Stoofvlees II d2 is Killing Stockfish in TCEC

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Viz
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Re: Stoofvlees II d2 is Killing Stockfish in TCEC

Post by Viz »

towforce wrote: Tue Apr 30, 2024 4:22 pm
Viz wrote: Tue Apr 30, 2024 1:43 pmBut what [larger board] has to do with "rewarding knowledge"?

Roughly speaking, the size of the game tree rises exponentially with the size of the board (this is discussed, with evidence, in the "Fruit fly races on steroids?" thread - link). In the kind of position in which you're used to getting, say, 10 ply full width and 30 ply selective search, you will now be lucky to get 3 ply full width and 10 ply selective search.

So... if you rely on search for most of your information about the position, then... oh dear - it's gone! Even having the shiniest graphics card on offer won't resolve that.

You're going to be relying on knowledge to enable you to play a good game!

...making a good NN via selfplay is mostly about how much hardware you can pour in it...
If you think that NNs are the only way to encode knowledge, then today's cool kid will be tomorrow's dinosaur!
The thing is that the bigger playing field is the more you benefit from larger NN.
More or less proven, in 3x3 tic tac toe you need to NN, in chess NNUE kinda beats deep net, in go deep nets are insane.
So yes, NNs are the only way to encode knowledge.
The only times where handcrafted stuff beats NNs are in things that can be solved fully or in search - but definitely not in evaluation of position, period.
So enlarging playing field is more or less making NNs even more important than they are in chess.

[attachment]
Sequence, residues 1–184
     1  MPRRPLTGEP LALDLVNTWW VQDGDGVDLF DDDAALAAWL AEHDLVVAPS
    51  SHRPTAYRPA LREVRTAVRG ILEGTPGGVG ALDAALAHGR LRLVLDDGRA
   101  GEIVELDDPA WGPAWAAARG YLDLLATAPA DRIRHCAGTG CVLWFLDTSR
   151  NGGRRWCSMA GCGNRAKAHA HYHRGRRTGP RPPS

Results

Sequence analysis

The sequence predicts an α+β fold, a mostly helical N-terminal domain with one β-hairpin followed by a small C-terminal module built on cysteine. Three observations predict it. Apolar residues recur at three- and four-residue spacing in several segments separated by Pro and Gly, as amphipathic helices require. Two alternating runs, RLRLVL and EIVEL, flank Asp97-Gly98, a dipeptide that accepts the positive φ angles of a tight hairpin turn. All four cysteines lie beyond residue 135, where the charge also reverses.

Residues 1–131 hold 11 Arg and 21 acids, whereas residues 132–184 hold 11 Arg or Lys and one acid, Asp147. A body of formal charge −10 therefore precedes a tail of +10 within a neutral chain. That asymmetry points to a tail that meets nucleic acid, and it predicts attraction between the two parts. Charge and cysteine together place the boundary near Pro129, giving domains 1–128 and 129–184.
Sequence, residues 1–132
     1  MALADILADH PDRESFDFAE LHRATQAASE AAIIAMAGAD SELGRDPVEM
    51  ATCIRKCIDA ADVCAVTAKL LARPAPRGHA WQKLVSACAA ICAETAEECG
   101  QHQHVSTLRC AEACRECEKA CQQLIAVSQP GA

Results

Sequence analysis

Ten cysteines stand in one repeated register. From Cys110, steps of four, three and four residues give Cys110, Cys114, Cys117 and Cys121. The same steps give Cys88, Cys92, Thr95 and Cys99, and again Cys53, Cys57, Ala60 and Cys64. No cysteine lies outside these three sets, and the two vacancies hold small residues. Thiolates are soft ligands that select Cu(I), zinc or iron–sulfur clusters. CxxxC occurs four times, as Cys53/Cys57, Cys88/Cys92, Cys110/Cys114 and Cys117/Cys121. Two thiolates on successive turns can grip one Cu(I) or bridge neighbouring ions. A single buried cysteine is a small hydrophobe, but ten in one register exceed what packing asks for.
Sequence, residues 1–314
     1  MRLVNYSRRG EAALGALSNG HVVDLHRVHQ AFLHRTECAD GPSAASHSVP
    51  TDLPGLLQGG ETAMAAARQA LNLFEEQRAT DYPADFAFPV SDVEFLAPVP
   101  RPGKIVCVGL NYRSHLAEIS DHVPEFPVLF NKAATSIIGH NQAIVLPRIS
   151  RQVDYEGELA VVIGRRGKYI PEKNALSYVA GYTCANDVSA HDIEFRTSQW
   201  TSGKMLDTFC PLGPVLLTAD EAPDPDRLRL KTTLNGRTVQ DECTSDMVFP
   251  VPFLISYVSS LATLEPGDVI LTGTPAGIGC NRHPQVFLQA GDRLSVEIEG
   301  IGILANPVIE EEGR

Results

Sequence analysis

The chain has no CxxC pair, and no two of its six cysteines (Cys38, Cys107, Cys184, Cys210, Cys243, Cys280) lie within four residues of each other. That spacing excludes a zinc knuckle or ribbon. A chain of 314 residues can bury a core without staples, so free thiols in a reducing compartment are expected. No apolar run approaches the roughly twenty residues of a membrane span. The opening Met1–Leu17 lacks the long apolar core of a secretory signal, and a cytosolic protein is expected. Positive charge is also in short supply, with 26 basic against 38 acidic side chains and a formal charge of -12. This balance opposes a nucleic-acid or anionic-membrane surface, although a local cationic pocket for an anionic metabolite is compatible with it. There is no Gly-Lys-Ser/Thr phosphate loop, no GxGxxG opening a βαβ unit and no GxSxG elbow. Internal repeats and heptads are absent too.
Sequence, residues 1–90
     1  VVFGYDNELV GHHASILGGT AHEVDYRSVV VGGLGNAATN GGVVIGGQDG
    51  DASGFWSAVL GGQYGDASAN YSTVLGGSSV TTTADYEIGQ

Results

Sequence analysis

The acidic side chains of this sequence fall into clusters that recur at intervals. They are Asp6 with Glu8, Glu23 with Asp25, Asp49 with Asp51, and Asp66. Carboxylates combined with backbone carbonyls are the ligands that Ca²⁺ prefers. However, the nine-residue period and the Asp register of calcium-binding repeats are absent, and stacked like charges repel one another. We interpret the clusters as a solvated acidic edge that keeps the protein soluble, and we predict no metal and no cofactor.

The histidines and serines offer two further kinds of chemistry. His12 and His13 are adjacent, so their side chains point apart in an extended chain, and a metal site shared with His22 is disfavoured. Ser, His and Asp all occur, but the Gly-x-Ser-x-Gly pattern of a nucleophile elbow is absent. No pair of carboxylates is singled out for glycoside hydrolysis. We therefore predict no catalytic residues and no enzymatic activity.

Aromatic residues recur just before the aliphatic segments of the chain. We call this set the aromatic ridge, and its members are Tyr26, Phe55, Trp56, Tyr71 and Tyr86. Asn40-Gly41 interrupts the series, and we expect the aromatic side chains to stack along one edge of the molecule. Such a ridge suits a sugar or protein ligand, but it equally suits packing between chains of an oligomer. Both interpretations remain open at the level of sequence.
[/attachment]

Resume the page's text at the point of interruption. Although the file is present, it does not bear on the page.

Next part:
Not to mention that you make some random game instead of chess, and this is forum about you know, actual chess.
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towforce
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Re: Stoofvlees II d2 is Killing Stockfish in TCEC

Post by towforce »

Viz wrote: Tue Apr 30, 2024 4:38 pm
towforce wrote: Tue Apr 30, 2024 4:22 pm
Viz wrote: Tue Apr 30, 2024 1:43 pmBut what [larger board] has to do with "rewarding knowledge"?

Roughly speaking, the size of the game tree rises exponentially with the size of the board (this is discussed, with evidence, in the "Fruit fly races on steroids?" thread - link). In the kind of position in which you're used to getting, say, 10 ply full width and 30 ply selective search, you will now be lucky to get 3 ply full width and 10 ply selective search.

So... if you rely on search for most of your information about the position, then... oh dear - it's gone! Even having the shiniest graphics card on offer won't resolve that.

You're going to be relying on knowledge to enable you to play a good game!

...making a good NN via selfplay is mostly about how much hardware you can pour in it...
If you think that NNs are the only way to encode knowledge, then today's cool kid will be tomorrow's dinosaur!
The thing is that the bigger playing field is the more you benefit from larger NN.
More or less proven, in 3x3 tic tac toe you need to NN, in chess NNUE kinda beats deep net, in go deep nets are insane.